REVIEW: The Love Hypothesis by Ali Hazelwood
TITLE: The Love Hypothesis
AUTHOR: Ali Hazelwood
PLOT: As a third-year Ph.D. candidate, Olive Smith doesn’t believe in lasting romantic relationships–but her best friend does, and that’s what got her into this situation. Convincing Anh that Olive is dating and well on her way to a happily ever after was always going to take more than hand-wavy Jedi mind tricks: Scientists require proof. So, like any self-respecting biologist, Olive panics and kisses the first man she sees. That man is none other than Adam Carlsen, a young hotshot professor–and well-known ass. Which is why Olive is positively floored when Stanford’s reigning lab tyrant agrees to keep her charade a secret and be her fake boyfriend. But when a big science conference goes haywire, putting Olive’s career on the Bunsen burner, Adam surprises her again with his unyielding support and even more unyielding…six-pack abs. Suddenly their little experiment feels dangerously close to combustion. And Olive discovers that the only thing more complicated than a hypothesis on love is putting her own heart under the microscope.
The book starts with a quite uncommon encounter: Olive has an interview at Stanford university for a Ph.D. program at their biology department, but she is wearing expired contacts (because she’s a student and therefore she’s “poor”) which are hurting her eyes; she enters a casual room to clean her eyes a bit… and here he is: an unknown huge male figure with a low and comforting voice. She’s also a bit unsure about her possibility to access the program and he gives her the best possible piece of advice: academia is worth it if you have a reason, a question that you want and need to answer. And – as we find out later in the book – Olive has a really good personal reason: her mother died of a late diagnosed pancreatic cancer and Olive wants to find a way to detect it earlier.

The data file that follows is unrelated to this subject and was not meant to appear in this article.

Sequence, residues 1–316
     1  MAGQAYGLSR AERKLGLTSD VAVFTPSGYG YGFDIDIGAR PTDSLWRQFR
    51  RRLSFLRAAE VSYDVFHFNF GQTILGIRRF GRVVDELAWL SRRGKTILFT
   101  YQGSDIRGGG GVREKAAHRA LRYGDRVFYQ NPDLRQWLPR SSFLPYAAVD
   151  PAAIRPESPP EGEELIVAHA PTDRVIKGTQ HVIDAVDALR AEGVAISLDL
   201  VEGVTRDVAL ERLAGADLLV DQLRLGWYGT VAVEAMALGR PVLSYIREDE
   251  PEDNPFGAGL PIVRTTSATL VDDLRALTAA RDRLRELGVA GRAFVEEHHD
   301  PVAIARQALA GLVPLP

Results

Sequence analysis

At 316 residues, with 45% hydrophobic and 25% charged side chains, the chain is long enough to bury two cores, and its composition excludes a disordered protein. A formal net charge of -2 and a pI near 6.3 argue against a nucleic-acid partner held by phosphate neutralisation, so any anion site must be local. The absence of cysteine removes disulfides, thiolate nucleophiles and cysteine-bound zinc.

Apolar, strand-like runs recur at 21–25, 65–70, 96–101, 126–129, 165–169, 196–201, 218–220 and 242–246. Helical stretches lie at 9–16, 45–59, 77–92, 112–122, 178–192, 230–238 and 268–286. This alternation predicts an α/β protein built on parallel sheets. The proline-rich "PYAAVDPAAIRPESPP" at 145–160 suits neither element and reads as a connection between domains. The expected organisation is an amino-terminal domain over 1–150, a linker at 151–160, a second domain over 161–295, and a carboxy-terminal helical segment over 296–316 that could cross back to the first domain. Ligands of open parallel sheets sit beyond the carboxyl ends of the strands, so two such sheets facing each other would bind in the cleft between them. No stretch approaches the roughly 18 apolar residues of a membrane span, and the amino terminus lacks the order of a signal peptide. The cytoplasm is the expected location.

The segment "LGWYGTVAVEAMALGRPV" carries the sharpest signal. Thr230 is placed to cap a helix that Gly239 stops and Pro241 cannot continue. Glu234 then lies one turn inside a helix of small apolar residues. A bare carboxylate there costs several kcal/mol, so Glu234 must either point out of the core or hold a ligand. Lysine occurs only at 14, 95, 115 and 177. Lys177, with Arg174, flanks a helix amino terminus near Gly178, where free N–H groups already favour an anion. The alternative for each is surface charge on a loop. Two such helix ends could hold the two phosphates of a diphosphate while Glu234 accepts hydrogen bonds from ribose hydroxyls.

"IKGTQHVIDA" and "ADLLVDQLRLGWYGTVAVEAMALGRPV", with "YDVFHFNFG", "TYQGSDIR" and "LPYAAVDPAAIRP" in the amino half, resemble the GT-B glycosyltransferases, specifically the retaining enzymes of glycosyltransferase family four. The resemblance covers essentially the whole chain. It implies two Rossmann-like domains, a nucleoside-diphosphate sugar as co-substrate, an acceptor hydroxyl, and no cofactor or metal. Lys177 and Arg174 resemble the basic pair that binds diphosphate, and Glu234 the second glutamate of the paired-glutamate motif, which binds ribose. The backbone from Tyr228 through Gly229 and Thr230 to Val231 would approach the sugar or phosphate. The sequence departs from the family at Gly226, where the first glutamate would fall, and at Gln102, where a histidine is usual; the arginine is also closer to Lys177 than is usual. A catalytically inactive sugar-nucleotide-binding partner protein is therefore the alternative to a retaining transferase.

Two years go by and here starts the current story. For totally unselfish reasons, Olive finds herself involved in the typical rom-com fake dating thing… and the novel gives us every cliché of the genre: secret agreements, rules like “no sex” and an expiring date, fake coffee-dates and the inevitable falling in love process. Even if the plot is quite predictable, The Love Hypothesis is still a very pleasant reading, well-written and absolutely romantic. Some pages even gives you butterflies.
Olive is the typical romance female protagonist: very shy and unconscious of her value, but also smart, nice and – in this case – very scientifically gifted.
Oh… I’m sorry, I almost forgot to tell you about the male protagonist of the story: he’s name is Adam Carlsen and he’s a professor at the Stanford biology department… Tall, with dark hair and a low voice… I’m not giving you any more details, but I think that you can make two plus two by yourself… He’s quite charming, I must admit it.
The “cast” is completed by some of Adam’s and Olive’s friends, each of them with their own distinguishing features: Anh, feminist and bipoc activist, Malcohm and Holden, the funny gay best friends, and Tom, the shady one…
What is new in this romance is the setting: a biology department is quite an innovation, don’t you think?
The Love Hypothesis is a very enjoyable reading, with a lot of funny and romantic moments… but I warn you: do expect a bit of drama, too… it wouldn’t be a real romance if there wasn’t any, would it?